Financial politics once again ruins a great band. In this case, it's the greatest band of the stoner rock genre, Kyuss. With heated debates about publishing and the payments from such things, Kyuss split up. Part of them became Queens Of The Stone Age, and other parts had various titles like Sloburn, Hermano and, eventually, Kyuss Lives. That wasn't allowed due to more legal bullshit, so Kyuss Lives became Vista Chino. To be blunt about it, I'm still personally pissed off at all these guys for ruining a band I've enjoyed throughout my life as much as any. BLUES FOR THE RED SUN is about as good of a rock album has ever been recorded in my eyes; it never leaves my iPod or goes unattended too long. I've never dug Queens Of The Stone Age much, and to be honest, really wasn't overwhelmed by Hermano or Sloburn either. In short, these guys legal bullshit killed what I, personally, was digging.
About every two to three years, a band comes along that I have never heard of that absolutely overwhelms me. A few years ago, it was Volbeat that came out of nowhere and really struck a chord with me. Most recently, that Halestorm record just stays in my player and gets play several times a week. Following an impressive performance at ROCK ON THE RANGE as well as a very fun hang with them after their performance, a new band has jumped on my radar. That band is Scorpion Child. With interest, their self-titled release found it's way to me a week after ROCK ON THE RANGE, and it's been stuck in my player (and my head) ever since. As of today, July 9th, 2013, SCORPION CHILD is the metal album of the year in my eyes. A new band for me to follow religiously has been launched to the world.
Talk about your throwback to the 1960s or very early '70s! LEGEND is one of those albums that if you don't listen closely, you might mistake for a long lost '70s Black Sabbath demo had Ronnie James Dio been auditioning for the band that far back. While it doesn't pack the punch of the great Black Sabbath, the vibe and the aura of doom metal is all over this record. To say the least, Witchcraft is not merely a copycat band though. They have their own vibe that gloriously waves the influence of Black Sabbath on it, but also features a more straight forward rock sound that will make you 80s rockers jump for joy. LEGEND is a very cool release.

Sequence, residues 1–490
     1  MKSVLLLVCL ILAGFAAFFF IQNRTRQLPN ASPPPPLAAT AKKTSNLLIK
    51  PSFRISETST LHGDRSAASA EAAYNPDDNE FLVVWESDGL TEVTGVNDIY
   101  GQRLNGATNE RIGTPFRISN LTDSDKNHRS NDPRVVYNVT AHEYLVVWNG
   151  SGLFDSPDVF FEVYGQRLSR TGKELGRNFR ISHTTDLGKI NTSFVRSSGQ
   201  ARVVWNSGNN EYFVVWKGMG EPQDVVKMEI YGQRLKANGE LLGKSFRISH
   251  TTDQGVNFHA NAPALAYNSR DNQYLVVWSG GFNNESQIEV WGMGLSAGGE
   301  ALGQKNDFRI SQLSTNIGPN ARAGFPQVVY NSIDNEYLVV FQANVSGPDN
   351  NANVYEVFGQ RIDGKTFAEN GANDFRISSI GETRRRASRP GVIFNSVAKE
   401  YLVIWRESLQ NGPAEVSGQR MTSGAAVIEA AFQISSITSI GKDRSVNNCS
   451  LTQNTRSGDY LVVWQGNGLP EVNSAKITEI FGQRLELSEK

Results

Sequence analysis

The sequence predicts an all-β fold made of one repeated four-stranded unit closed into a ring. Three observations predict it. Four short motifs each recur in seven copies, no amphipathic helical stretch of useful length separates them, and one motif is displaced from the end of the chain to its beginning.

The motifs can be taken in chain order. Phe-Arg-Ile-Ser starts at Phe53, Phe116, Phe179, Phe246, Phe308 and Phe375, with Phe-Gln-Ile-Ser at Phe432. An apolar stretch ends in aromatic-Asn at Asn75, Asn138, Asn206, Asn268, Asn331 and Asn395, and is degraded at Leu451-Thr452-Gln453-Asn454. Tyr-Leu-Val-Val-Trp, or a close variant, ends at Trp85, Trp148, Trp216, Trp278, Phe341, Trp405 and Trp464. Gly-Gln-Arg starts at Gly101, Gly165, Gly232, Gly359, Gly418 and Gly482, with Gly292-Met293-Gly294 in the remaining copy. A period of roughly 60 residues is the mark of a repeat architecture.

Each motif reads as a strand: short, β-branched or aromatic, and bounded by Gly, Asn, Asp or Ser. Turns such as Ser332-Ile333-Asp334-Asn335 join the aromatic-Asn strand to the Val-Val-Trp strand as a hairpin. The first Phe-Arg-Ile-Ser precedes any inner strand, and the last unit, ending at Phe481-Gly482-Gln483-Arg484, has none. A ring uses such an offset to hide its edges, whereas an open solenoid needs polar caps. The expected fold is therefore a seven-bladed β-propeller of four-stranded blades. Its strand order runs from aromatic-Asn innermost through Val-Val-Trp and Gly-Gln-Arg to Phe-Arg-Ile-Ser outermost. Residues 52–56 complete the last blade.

IV: PART 1, THE PURPLE EP
Of all the guys from Pantera, it really is surprising that Philip Anselmo was the one to emerge and find the most success after that band. We all know what happened to Dimebag, but Vinnie Paul's decision to join an average to below average Supergroup and Rex Brown's recent move to the decent but not going anywhere band Kill Devil Hill leaves Anselmo as the lone guy still making music that a lot of the Pantera fans actually love and respect. Returning from the great but disappointing album OVER THE UNDER (disappointing because the production was so God awful), Anselmo and his southern fried project Down are back with the first of a multi-installment set of releases. THE PURPLE EP is exactly what you would expect from Down, especially if you were a fan of DOWN II: A BUSTLE IN YOUR HEDGEROW.
YELLOW & GREEN
While the Red and Blue albums certainly shimmered with moments of grand brilliance, the masterful Yellow & Green is Baroness' most complete majestic offering to date. Filled with melodious surprises the new platter is genius from alpha to omega — no small feat considering its 1.2 hour play time spread over 18 disparate yet somehow analogous sonic puzzle pieces.
Where Baroness rise above their peers is in their expert use of dynamics. The band's best trick is an uncanny ability to lull listeners into a hypnotic state with delicate droning passages only to boisterously break trance an instant later with a wall of fuzzed out intellectual cacophony.